My alarm jolted me awake. Grey dawn light filtered through our un-rain-flapped tent. I lay on a mostly-inflated air mattress, trying to reconcile myself to life. After a few moments, I remembered where I was, why I was up so early, and the fact that I probably had 4 other people to wake up. Or… I could just go back to sleep.

A minute or so of internal deliberation later, I remembered the painstaking methodology that had gone into creating my perfect itinerary. I couldn’t just throw the itinerary out the door this fast. So I rolled over and managed to rouse myself and Elizabeth. After calling out softly a couple of times, Pam confirmed that she was at least somewhat awake. Terri and Garrett emerged from their tents one site over. Improbably, we were slowly on the move.

It was startlingly cold out at Colter Bay. For all the sweat I’d produced at Jenny Lake the day before, the heat had leaked right out of the evening and left us with a 40 degree morning – perfect camping weather. For someone who had been baking in Oklahoma, it was a downright pleasure to put on a sweatshirt and sweatpants. But, remembering the sweltering afternoon prior, I layered those things in anticipation of stripping down later.

Pam, Terri, and Garrett were slow out of the gate. This is why we plan accordingly, and the 5:30 alarm had been planning accordingly. When Terri pulled her rental car behind me, it was basically exactly when I wanted to go anyway. We drove off to the Meister cabin to pick up whichever members of my family had chosen to wake up in time for sunrise – unsurprisingly, this turned out to be Rich and Taylor. The two of them were going with us straight from Oxbow Bend to Delta Lake, so they were kind of forced to. Kris and Alex would be doing their own thing for most of the day instead of joining us on one of the more strenuous hikes of our trip, so they chose to sleep in. That meant there was room for Rich and Taylor in the backseat alongside Pam. The sky was lightening from grey to pale blue. We were off, bound for one of the most famous sunrise spots in the country – Oxbow Bend.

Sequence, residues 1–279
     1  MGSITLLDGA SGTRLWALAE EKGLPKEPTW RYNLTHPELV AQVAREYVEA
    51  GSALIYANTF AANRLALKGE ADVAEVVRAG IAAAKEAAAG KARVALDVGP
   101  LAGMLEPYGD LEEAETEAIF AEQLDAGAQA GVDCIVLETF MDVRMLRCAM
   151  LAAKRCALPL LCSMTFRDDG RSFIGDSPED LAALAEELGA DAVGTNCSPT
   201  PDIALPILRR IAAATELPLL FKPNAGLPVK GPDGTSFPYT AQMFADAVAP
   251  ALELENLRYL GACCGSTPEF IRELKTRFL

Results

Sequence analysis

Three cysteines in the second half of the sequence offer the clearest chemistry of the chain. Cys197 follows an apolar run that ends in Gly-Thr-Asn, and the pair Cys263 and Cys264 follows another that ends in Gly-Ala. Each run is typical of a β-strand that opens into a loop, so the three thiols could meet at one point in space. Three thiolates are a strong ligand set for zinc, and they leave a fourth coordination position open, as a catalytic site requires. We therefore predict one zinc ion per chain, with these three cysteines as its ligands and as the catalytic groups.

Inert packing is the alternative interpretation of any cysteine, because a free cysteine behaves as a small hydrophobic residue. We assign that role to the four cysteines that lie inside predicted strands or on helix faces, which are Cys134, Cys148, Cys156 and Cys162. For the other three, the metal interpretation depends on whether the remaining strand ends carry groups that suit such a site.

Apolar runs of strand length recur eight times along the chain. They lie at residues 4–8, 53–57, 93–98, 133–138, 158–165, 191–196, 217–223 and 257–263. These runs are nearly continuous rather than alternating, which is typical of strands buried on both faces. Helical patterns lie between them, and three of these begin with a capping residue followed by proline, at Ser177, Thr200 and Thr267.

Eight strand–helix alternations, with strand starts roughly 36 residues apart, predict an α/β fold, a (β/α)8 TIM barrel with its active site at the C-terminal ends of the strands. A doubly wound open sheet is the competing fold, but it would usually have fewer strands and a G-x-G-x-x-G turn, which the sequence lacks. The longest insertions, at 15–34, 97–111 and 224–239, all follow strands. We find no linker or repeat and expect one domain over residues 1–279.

Unlike many sunrise locations you have doubtless been to, one does not face east to see the sun rising at Oxbow Bend. Instead, the Snake River winds by you to the south on its circuitous route down Jackson Hole. As the name suggests, there is an oxbow lake forming along one large loop in the river course, but at the moment the river hasn’t fully cut off from the longer route, leaving a placid Oxbow that looks almost due west at Mount Moran. As the run rises, the mountains are perfectly reflected in the glassy waters, often frontlit to purple or reddish colors.

Of course, its beauty and location also makes Oxbow Bend a very popular sunrise spot. After the hordes at Jenny Lake the day prior, I wasn’t surprised to see cars crowding the little lot off of the John Rockefeller Parkway. So I improvised by placing Elizabeth’s car as far off the road as I could without sending it all the way down into the riverbank. The car still teetered at a heady angle, but it was off of the route. Everybody clambered out and I scrambled ahead to get a look. The mountains to our east had a golden halo starting to show behind them. It was sunrise time!